Where Species Meet
By Michael Lucid
The hair looked promising. In 2010, Scott Rulander and I were on the hunt for rare forest mammals and had spent most of the day skiing up to near the summit of Scotchman Peak to check a bait station in the West Cabinet Mountains. The hair sample we collected was long, dark, coarse, and we were sure it was wolverine. We labeled the sample “ScotchmanV12,” secured it in a pack, and after finishing our work we continued to the summit. This was everything I loved: science, skiing, winter, exercise. Every sample we collected filled me with anticipation of what we might learn and I felt alive as we dropped into the southeast face for the ski out.
A couple weeks previous to this, we had hauled a twenty-pound frozen beaver along the same route and fastened it to a tree. We had three targets: Canada lynx, wolverine, and the species of weasel called fisher. Fastening the beaver securely was critical, as wolverine are known to abscond with entire frozen beavers without staying to leave a hair sample. Once the bait was secured, we attached a ring of stiff-wired gun-cleaning brushes under it to snag hair from visiting mammals for DNA analysis. On a nearby tree we installed a remote camera to capture digital images of bait station visitors. Bait stations have been used for years in wildlife research but in 2010, DNA technology combined with new remote camera technology primed us to be one of the world’s first wildlife projects to deploy bait stations over a huge landscape.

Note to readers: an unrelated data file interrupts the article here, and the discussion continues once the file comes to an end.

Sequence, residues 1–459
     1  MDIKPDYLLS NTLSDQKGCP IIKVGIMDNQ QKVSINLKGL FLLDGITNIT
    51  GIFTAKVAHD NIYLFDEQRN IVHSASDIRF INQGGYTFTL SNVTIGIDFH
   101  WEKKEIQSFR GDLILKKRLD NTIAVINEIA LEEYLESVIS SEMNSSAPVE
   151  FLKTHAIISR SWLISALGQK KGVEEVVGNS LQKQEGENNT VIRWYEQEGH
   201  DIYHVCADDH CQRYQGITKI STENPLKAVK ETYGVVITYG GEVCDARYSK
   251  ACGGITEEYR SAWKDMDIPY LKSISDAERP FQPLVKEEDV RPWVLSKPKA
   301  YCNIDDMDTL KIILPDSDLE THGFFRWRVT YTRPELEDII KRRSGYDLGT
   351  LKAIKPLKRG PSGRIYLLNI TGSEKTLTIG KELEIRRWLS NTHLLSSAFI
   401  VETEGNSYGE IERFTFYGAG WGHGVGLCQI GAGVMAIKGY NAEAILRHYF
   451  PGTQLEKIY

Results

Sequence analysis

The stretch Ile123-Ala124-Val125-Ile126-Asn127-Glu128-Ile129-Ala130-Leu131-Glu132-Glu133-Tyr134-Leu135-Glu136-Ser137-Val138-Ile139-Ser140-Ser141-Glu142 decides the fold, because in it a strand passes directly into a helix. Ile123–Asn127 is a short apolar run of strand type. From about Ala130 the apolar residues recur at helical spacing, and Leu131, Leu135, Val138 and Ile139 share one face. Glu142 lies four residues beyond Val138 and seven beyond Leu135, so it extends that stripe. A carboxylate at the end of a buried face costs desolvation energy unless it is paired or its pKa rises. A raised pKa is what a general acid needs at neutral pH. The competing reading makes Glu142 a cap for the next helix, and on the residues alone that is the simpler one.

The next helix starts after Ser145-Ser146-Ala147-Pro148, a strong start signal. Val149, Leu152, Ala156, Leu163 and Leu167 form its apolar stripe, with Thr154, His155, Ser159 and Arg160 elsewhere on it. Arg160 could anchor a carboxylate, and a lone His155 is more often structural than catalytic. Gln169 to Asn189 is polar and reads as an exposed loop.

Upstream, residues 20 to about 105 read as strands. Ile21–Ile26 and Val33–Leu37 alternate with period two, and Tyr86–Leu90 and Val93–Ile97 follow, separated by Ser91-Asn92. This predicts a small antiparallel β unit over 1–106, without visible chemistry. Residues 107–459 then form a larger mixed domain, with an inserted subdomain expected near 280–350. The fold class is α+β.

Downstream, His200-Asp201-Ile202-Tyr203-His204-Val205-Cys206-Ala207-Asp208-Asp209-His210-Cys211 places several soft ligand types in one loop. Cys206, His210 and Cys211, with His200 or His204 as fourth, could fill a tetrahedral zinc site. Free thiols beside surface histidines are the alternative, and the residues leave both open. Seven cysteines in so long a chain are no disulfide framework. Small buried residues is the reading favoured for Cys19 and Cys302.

The Scotchman station was one of the first in a massive two-country effort to run 734 bait stations across a thirty-three-thousand-square-mile landscape stretching from Idaho’s St. Joe River north to Golden, British Columbia. The logistics it took to pull this project off involved snowmobiles, helicopters, miles of backcountry skiing, intensive grant writing, and corridors of red tape, not to mention securing hundreds of freshly dead beavers. It also took a lot of boots on the ground. In addition to countless personnel from several organizations, more than two hundred volunteers from the Sandpoint area headed out to the mountains in the dead of winter to learn as much as we could about the mammals in our study area. When I looked at the pictures that went along with the hair sample Scott and I were so sure was wolverine, I was disappointed to see just another marten—the most common mammal we detected during the study. But the anticipation I felt every time we collected a sample arose again when we got the genetics results back from the lab, because the data on ScotchmanV12 were to form the centerpiece of the fascinating story our marten samples had to tell.